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Whether you are planning a Hawaiian, Mexican, Western, theme or any other cultural or international events, having the true native dancers of that heritage will bring a more realistic atmosphere to your event. Most of the dancers perform a show, but some likes to get other spectators involve showing how much fun their culture can be.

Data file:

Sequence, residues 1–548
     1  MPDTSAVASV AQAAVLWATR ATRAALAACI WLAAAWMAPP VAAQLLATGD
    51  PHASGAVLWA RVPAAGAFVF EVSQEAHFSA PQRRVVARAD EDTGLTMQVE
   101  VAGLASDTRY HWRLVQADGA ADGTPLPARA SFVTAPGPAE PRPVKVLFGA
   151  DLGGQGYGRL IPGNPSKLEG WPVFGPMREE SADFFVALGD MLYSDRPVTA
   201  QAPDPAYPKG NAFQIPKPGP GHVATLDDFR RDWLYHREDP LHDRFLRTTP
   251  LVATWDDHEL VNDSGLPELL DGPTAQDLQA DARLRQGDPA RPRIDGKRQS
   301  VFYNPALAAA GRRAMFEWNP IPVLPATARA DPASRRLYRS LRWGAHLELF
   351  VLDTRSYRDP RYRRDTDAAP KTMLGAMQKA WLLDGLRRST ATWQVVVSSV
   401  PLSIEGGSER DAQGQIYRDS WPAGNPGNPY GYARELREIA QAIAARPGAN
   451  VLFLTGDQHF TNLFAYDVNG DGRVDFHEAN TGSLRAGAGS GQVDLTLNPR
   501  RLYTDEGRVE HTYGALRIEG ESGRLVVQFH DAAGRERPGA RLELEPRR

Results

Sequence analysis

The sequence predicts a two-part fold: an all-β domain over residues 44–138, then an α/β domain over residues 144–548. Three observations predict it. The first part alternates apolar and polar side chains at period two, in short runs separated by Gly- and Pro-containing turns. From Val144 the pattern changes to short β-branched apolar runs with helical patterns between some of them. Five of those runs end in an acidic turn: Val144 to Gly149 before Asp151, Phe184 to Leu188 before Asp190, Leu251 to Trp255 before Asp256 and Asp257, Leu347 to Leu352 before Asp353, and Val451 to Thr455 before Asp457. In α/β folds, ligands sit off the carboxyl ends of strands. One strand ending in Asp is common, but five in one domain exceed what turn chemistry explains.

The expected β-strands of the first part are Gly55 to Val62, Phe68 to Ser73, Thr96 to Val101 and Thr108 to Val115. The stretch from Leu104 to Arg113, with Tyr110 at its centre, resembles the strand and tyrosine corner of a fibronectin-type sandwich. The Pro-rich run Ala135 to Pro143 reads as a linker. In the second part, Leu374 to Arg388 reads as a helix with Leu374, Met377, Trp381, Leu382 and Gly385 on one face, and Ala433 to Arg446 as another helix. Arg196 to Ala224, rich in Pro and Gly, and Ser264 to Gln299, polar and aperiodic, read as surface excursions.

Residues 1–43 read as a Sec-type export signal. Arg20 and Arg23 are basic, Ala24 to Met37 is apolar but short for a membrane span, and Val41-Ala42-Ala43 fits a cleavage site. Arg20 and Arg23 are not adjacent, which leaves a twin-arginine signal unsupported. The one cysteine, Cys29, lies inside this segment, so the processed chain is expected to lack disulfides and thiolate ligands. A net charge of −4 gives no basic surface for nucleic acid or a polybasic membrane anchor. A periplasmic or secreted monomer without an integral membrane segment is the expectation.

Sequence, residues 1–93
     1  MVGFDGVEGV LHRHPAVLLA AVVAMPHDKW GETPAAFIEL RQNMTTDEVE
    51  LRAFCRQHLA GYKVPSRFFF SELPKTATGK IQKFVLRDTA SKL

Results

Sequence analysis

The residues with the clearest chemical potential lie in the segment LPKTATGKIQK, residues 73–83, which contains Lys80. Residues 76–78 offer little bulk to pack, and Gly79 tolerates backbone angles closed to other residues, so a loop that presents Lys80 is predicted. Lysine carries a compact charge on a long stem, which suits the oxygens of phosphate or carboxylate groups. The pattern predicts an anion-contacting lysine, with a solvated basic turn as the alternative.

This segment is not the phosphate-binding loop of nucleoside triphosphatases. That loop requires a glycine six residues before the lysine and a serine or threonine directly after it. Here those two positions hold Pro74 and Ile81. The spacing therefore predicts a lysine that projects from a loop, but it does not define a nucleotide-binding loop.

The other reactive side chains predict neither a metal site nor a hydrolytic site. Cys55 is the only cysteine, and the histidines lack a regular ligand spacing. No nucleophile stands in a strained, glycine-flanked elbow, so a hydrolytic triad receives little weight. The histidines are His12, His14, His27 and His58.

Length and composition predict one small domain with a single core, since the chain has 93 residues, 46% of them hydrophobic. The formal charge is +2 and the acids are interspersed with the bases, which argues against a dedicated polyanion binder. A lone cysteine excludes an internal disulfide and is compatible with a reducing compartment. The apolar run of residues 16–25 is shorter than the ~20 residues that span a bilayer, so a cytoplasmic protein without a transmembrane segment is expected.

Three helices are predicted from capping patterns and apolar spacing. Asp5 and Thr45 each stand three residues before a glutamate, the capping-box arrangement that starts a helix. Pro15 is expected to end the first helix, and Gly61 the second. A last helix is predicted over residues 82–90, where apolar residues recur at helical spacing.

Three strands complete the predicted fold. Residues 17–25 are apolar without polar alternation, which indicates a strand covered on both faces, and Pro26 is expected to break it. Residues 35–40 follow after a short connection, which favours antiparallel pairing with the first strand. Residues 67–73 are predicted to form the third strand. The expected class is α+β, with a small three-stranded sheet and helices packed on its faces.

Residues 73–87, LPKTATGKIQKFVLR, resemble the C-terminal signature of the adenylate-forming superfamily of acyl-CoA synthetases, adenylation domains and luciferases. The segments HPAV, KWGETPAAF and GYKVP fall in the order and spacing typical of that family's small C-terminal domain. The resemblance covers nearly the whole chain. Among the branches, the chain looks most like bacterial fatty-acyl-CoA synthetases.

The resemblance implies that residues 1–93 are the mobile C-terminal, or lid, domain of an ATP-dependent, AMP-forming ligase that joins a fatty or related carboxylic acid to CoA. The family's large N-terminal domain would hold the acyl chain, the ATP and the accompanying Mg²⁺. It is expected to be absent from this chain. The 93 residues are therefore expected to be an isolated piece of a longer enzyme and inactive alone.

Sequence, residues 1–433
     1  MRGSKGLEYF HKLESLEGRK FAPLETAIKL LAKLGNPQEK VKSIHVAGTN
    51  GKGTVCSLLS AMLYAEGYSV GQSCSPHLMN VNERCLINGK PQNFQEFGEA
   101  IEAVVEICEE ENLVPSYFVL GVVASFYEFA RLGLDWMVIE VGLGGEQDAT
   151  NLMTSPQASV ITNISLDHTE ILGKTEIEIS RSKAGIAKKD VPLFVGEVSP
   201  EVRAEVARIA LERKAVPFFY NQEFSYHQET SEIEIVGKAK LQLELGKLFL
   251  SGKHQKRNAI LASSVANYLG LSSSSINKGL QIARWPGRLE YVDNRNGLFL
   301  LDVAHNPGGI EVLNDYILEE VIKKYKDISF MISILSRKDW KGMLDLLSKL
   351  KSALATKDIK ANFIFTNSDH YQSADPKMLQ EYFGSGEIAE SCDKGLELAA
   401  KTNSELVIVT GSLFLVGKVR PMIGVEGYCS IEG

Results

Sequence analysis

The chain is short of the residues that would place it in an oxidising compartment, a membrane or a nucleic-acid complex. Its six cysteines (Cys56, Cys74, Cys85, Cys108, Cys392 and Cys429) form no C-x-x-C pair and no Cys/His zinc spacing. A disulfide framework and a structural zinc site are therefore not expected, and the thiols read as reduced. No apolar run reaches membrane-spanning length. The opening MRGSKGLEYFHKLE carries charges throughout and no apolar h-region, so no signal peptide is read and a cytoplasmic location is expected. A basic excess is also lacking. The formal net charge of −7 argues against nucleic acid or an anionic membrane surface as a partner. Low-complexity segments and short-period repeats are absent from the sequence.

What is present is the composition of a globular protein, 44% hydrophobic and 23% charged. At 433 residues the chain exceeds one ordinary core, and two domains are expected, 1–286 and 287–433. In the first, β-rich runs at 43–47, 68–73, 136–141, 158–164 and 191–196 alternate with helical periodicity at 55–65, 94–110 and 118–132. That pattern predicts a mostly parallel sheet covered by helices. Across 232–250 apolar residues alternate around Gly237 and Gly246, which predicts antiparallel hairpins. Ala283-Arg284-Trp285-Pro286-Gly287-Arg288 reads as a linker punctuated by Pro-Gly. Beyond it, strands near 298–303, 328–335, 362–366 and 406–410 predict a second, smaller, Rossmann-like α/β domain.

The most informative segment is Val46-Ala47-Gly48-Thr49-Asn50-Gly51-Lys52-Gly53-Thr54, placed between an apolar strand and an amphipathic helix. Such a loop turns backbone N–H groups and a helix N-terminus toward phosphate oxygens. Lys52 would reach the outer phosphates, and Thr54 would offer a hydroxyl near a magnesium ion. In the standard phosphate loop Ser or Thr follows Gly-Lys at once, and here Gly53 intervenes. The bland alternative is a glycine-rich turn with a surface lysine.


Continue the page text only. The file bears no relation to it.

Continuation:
Hundreds of years ago, a small Chinese village was threatened on the eve of the lunar new year by local bandits who dressed themselves as strange beasts (nien). The beasts scared the villagers away and looted their homes and farmland. Frightened and discouraged from being left hungry and poor, the villagers decided to stand up to the unknown beast and crafted costumes that resembled a lion. These costumes were made of bamboo frames and covered with paper mache painted in bright colors and details. The dancers in the costumes would dance while others hit pots and pans to make noise. With all the commotion and costumed people dancing under the mysterious costumes, the villagers were able to scare away the bandits. This eventually led them to believe that the Lion Dance wards off bad luck, scares away evil spirits, and ushers in good luck. To commemorate the event, the dance was passed from generation to generation, gradually becoming a part of the Chinese traditional martial arts. Whenever the people celebrate, it was inevitable that the dance was performed as a form of thanks-giving. From that moment, the tradition of Lion Dance was born.